So no, I don’t think Flintoff is overrated. He seriously needs to address his batting form, but I’ve still seen him bat fantastically, not only in The Ashes 2005 but in India early the following year too. And his bowling? Show me a better seam bowler that’s still playing. You might be able to show me a few you think are better or might one day be better, but how many? Not very many, because if you look up “World-class seam bowler” in the dictionary, there is a picture of our Fred rather than any words defining the term.
Now to the other, and this is an even more major gripe. When people say he is a one-series wonder. Let’s look at this one.
In the 2005 Ashes, Flintoff averaged 40.20 with the bat and 27.29 with the ball, rightly applauded as a tremendous effort, seeing as it was against the best side in the World and played by far the largest role in England’s utter domination of them and all. Take only the last four Tests, after his side were hammered in the first and he struggled, and it was 49.87 and 24.10. His banal overall career averages are 32.50 and 32.02 with bat and ball respectively, so yes, that series was a performance some way above his overall career record. However, we all know two things about Flintoff:
One: he was picked far too early, and his performances between 1998 and 2000 are as good as meaningless when assessing him later on. You might as well talk about how relatively poor Don Bradman was at the age of 15 – only difference there is that the Australian selectors weren’t dumb enough to pick the childhood prodigy until he’d won his spurs. Yes, Flintoff was 20 when he made his Test debut, but Flintoff is also a considerably lesser cricketer than Bradman. Nonetheless, David Graveney and co simply saw him wallop 34 off an over in the County Championship and he was straight into the fray for two crucial Tests against South Africa. To me, Flintoff’s 233 runs at 16.64 and 7 wickets at 55 in his nine Tests between ’98 and ’00 are utterly irrelevant.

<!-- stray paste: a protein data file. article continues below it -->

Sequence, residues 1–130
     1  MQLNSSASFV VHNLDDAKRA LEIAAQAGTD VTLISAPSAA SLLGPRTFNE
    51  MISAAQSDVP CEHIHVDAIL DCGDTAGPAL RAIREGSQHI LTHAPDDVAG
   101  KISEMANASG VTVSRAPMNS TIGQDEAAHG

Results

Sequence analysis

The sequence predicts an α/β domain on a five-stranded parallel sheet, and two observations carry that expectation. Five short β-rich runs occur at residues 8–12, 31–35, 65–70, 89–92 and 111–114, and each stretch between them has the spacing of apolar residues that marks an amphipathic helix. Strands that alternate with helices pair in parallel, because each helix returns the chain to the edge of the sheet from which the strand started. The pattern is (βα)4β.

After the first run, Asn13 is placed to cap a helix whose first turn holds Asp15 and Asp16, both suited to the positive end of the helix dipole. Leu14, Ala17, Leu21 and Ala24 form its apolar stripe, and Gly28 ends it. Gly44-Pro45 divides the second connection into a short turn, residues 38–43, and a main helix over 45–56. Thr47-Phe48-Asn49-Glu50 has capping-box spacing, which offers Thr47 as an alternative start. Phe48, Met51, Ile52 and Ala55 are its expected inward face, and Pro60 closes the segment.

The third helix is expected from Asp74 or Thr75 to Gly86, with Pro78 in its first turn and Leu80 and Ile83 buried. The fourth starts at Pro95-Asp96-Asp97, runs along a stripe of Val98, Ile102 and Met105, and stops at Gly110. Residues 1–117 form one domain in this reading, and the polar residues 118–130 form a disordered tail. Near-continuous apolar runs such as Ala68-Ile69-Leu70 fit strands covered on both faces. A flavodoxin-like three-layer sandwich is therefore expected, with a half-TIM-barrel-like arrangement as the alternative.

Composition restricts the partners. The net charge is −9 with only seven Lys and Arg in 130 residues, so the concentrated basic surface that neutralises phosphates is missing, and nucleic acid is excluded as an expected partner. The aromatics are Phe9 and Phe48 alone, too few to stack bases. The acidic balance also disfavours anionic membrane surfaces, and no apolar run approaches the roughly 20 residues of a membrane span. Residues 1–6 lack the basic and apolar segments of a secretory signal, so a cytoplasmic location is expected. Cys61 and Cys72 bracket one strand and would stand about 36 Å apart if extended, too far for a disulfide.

Two: after his recall in 2001/02 following a reassessment of his priorities, his efforts visibly redoubled. It took a while for his performances to follow suit, however, and in the eight months and 12 Tests between December 2001 and August 2002, he still averaged just 21.57 with bat and 45.03 with ball. Yet Flintoff is far from alone in struggling in his first year in Test cricket, in fact far more players than not tend to take a little while to adjust to the rise in standard.
The first signs of Flintoff’s ankle problems surfaced in September 2002, when he missed the last Test against India and the entire aforementioned 2002/03 Ashes series. He returned to the Test team at the end of July 2003. Since then, in 43 Tests for England against serious opposition, he has averaged 38.95 with the bat and 30.45 with the ball. And the first five and last four of these Tests were wretched with the ball: take only the 34 in the middle and his bowling average is 27.05. This quite clearly shows that The Ashes 2005 was no fluke, it was no statistical anomaly, it was merely ever so slightly above his form over the past and following years, and the performance of a true all-rounder.
I hope you’ve seen my point. To me, Flintoff is a terrific cricketer, I am desperate to see him play a few more years as he will surely delight us once again like no other can if he manages to do so. Put simply, I think he is the best English cricketer of his generation. The Botham comparisons never did do him any favours, but he is the greatest personality and all-rounder we have had in our game since him. I hate the way everyone is so quick to jump on him these days, it is such an English thing to. Let us bow down to him when he wins us The Ashes and jump on him when he has battles with bowling-related injuries that collide with a severe loss of form with the blade.
Andrew Flintoff is not overrated; the way some go on about him, he is very severely underrated. Andrew Flintoff did not just have one great series, he had a few great years. He would have been playing Test cricket again today but for that side-strain – whenever he finally manages to shake-off both his ankle troubles and this strain, let the country say: “welcome back Fred, you have been missed”. And may his comeback performances mirror those of his captain last summer.